The glorious game has become an inglorious free-market free for all

by James Mills

“‘Tis a glorious game, deny it who can, that tries the pluck of an Englishman.” Is the chorus annually sang at the start of the Shrovetide football game, a precursor to the modern day version of the ‘glorious game’, still played every year in Derbyshire on Shrove Tuesday, which demonstrates the key community ties that link the origins of our national game.

Similarly, many of the modern day football clubs originated from community based teams that grew into the social sinews of their local areas. Although many of them nowadays have ballooned into monolithic globally recognisable brands, they are also national treasures as well as assets that employ thousands and inspire millions. Most important of all in a globalised world they remind us of the most important thing of all, locality.

On Monday the banking commission laid out plans to prevent another banking collapse by protecting retail banking from investment banking, which a few years ago exposed some of the fallacies of free-market economics. On the same day, Arsenal, known as the ‘the bank of England club’, was added to the growing list of foreign owned clubs in the Premier League. Could you imagine the streets of Paris, Munich, Milan, Madrid or Barcelona staying as quiet as the streets of London are, if this was their club?

It seems only in the English football top flight that the trend to external ownership of our top teams is prevalent. Of all the teams competing in the Champions League this week it is only the English clubs which are predominantly foreign owned. Out of the top Premier League clubs, Manchester United, Liverpool and now Arsenal are all owned by American businessmen with Chelsea owned by a Russian and Man City owned by Middle Eastern owners. And now that half the Premier League are under foreign ownership, the highest placed English owned club is Tottenham Hotspur which is owned by two non-dom tax dodgers, one of whom is the former Tory party chairman Lord Ashcroft.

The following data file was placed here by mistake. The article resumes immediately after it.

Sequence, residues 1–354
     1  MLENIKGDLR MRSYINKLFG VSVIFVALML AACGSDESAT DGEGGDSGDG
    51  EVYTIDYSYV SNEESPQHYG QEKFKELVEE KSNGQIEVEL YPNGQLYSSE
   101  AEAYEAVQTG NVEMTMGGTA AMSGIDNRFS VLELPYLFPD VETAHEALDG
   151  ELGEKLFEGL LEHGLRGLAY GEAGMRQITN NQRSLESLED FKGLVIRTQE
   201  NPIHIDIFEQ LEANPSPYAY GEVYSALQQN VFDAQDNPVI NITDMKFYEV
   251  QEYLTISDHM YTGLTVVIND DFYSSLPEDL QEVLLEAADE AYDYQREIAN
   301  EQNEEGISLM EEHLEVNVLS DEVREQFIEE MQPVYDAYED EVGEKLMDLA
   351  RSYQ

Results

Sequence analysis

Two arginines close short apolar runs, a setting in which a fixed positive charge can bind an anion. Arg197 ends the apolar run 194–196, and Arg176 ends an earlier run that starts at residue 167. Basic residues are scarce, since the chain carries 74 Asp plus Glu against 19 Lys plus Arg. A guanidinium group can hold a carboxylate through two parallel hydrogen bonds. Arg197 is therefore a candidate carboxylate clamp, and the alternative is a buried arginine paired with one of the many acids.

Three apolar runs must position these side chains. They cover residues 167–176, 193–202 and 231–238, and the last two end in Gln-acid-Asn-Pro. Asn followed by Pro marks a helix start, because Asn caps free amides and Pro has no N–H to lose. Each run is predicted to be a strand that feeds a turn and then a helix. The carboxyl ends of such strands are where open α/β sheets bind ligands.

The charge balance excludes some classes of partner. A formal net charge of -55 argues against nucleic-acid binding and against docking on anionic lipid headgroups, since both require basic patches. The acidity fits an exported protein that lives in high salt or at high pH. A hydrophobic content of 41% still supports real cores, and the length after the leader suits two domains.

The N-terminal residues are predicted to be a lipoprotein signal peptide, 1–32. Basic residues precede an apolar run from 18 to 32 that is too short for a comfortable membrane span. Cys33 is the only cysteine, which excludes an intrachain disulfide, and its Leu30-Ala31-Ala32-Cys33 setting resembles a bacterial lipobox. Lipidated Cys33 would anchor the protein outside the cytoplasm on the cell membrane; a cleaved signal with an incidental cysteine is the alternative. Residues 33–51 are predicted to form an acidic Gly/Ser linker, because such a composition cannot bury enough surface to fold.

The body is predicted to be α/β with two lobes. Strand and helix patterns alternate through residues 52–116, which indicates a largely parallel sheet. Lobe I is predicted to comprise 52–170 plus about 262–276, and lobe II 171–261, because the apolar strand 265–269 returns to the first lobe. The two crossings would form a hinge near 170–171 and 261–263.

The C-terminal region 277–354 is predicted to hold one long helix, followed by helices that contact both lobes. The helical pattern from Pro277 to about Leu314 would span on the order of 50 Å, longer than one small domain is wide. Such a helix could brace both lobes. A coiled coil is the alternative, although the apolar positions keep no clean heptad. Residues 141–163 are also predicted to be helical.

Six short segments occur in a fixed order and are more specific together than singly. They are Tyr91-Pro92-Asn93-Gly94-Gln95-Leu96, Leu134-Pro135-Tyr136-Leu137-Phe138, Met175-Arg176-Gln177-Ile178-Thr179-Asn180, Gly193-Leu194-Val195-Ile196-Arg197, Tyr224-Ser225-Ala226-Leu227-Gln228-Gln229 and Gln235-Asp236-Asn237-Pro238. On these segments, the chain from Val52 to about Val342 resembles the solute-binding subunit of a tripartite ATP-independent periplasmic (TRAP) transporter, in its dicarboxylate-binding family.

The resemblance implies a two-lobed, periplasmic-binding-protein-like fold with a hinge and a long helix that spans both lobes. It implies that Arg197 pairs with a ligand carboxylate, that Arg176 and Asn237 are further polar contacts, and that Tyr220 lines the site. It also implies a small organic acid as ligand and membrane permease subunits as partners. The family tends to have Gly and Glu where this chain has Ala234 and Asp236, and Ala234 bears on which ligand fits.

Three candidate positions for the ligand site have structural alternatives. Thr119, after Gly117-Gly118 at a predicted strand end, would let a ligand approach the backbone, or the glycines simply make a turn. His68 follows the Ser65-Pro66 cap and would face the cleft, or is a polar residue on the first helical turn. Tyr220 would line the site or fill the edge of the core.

Even in the Cambodian football league, where the ministry of defence is currently second after beating the Police Force – I know imagine the strike force – there is better protection of football team ownership.

Arsenal has also joined the long list of British brands that have become mere segments in the large portfolios of international conglomerates. Like other British brands from Cadburys to Boots, there is a grave lack of British owned British brands. The reasons for this owes much to the fact that British brands are doing very well in emerging markets and some English football clubs are probably the most recognised brands there are on the global stage. It would be a nonsensical question to ask anyone who has been outside of the UK in the last decade if they had seen a replica English football kit worn by the locals of the destination they visited.

After purchasing Liverpool, Tom Hicks the new American owner compared it to his previous purchase of Weetabix. The reasons for this is simple, he was not buying Liverpool football club for any other reason than he bought a cereal company. It was just another well known British brand.

It is easy to say who cares, after all most of the players and managers are foreign so why not the owners too? Well, football clubs are more than that. They are the collective reflection of a local community and a shared ethos. No one could possibly say a Newcastle United fan and say a Fulham fan are exactly the same for example, and try telling a City fan that they share a city with United and you will cause a stir.

Even in the lower leagues a great deal of local identity and culture is encapsulated in a football club. Would you be bemused, if someone told you, for example, that the Posh are taking on the Citizens at the weekend and it has nothing to do with Karl Marx or in six months time we could see the Canaries take on the Peacocks, which will pit Ed Miliband against Ed Balls. Or what about if someone said the Shrimpers unexpectedly beat the Trawler Boys in the cup last weekend and now face the Mariners. One could be mistaken for thinking the latter was a fishing contest instead of an almost 140 year old football cup competition.